It may surprise fans of Nick Cave & The Bad Seeds to learn that some works in the band’s canon – at least from the point-of-view of their creators – are tainted with misgivings. The problem arises from discrepancies between intention and outcome: that is, how the music the band thought they would be making at the outset of a recording session tallies against the music actually captured on record.

Henry’s Dream, Nick Cave & The Bad Seeds’ seventh studio album, contains songs critics and fans alike have come to regard as indisputable classics from the band’s oeuvre: “Papa Won’t Leave You, Henry”, “Christina the Astonishing”, and “Jack the Ripper”, to name just a few. Yet, for the band, Henry’s Dream undeniably epitomises – much more so than any of their other albums – the loss of control that ensues when one has exerted but a slippery grip on some very vertiginous circumstances. A lot of unforeseen detours can arise on the road from initial conception to final release: sometimes you start off with very clear intentions and work on something very hard, but when all’s said and done, you can’t actually relate to it in the end.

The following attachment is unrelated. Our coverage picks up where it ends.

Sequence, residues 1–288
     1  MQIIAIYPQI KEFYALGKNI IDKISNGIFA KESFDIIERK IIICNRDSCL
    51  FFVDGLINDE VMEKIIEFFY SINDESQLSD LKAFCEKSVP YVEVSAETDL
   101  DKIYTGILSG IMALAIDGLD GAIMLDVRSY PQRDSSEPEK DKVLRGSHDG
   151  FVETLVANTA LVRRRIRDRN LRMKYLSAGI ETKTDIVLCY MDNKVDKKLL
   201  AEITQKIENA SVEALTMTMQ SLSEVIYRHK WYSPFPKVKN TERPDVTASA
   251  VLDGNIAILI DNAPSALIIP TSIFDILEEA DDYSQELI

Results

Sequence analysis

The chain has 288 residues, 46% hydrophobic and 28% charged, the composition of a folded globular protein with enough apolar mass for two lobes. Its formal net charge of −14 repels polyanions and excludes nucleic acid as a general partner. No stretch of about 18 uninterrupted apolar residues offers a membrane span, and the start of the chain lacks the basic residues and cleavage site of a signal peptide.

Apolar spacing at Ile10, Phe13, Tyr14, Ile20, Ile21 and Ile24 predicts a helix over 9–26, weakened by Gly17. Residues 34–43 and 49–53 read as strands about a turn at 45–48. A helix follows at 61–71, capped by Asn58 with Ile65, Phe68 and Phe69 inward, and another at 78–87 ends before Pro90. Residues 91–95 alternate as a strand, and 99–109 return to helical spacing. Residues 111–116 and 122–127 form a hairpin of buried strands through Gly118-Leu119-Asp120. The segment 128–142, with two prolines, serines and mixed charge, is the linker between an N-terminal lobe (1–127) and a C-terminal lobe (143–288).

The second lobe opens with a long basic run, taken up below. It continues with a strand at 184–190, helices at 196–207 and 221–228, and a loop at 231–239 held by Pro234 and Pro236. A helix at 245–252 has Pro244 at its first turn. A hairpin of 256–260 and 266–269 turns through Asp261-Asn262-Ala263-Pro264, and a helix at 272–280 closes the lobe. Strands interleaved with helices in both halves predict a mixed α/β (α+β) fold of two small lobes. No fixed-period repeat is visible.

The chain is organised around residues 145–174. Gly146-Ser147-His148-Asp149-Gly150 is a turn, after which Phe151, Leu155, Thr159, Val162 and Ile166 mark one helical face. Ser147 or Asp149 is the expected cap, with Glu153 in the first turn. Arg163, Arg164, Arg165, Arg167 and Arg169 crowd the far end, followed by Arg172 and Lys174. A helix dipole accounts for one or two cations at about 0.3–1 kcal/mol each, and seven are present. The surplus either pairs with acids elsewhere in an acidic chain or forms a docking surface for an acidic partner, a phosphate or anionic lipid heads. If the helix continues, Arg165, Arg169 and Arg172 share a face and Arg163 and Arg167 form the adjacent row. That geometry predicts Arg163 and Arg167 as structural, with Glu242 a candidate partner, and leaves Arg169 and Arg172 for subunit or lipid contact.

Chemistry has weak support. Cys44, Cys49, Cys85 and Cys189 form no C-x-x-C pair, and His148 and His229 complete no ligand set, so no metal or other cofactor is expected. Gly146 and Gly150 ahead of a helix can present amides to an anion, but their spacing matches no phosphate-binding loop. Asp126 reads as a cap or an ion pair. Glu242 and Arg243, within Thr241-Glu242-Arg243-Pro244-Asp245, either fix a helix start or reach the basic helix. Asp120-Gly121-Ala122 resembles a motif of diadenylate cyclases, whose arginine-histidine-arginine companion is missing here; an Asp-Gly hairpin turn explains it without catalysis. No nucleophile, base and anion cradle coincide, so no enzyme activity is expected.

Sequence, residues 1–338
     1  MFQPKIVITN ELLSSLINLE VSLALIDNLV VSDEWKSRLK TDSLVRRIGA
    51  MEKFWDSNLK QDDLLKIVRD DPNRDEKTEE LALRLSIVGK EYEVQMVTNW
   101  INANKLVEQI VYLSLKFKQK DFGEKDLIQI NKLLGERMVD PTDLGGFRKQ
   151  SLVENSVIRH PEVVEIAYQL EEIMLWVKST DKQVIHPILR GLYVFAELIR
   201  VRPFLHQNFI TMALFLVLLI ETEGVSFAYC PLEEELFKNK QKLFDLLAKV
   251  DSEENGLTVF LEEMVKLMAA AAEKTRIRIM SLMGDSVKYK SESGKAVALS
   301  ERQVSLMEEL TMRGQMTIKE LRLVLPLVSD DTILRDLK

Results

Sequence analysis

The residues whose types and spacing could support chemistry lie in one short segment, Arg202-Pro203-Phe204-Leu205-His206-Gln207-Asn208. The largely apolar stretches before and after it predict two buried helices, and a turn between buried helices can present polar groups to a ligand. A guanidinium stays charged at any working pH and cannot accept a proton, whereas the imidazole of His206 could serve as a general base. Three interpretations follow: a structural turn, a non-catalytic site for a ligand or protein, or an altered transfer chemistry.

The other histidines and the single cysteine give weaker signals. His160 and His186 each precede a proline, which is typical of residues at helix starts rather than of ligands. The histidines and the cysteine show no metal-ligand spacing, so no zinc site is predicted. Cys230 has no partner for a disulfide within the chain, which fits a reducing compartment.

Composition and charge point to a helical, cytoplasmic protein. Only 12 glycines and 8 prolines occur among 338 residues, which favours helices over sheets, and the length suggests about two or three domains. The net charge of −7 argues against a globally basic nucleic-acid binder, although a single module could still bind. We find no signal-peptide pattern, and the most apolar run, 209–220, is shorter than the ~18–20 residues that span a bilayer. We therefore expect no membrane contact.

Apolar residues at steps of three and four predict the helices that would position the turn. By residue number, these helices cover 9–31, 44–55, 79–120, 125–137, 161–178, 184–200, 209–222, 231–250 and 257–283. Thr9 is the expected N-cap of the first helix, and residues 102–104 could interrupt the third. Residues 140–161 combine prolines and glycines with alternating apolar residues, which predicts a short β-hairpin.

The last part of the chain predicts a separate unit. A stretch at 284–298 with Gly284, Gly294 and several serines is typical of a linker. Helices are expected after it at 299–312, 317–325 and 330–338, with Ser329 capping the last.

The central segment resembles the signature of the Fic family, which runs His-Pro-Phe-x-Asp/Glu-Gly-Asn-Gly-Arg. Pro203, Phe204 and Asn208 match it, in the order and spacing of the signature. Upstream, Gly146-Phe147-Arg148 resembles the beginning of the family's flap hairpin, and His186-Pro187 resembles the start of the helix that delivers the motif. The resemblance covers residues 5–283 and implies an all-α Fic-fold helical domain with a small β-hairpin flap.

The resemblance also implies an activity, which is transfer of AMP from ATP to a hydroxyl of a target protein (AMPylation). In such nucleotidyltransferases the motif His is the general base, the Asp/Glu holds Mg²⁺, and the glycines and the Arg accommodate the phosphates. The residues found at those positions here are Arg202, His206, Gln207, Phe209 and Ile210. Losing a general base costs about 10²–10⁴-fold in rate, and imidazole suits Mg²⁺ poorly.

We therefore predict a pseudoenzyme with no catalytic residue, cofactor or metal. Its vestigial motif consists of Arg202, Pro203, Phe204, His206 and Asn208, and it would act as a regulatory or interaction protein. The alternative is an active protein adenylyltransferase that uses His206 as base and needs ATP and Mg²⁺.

“Henry’s Dream,” explains Nick Cave, “was one of the first records that I came to with an absolute sound in my head as to how this record should be. What I wanted to make with Henry’s Dream was a very violent acoustic record, basically using storytelling and acoustic instruments to create a really fucked up and violent sound, but which was in no way heavy. This, sadly, didn’t happen”

The primary inspiration underpinning Cave’s vision for the album was a sound he’d encountered in the streets and back alleys of São Paulo, Brazil. Prowling about his environs, Cave regularly encountered a certain indigenous type of busker “with clapped out acoustic guitars and a particular way of singing. I had no idea what they were singing about, but they were obviously narrative. They were just long rants over this bashed out music. It didn’t sound especially Brazilian in any way. It just sounded insane!”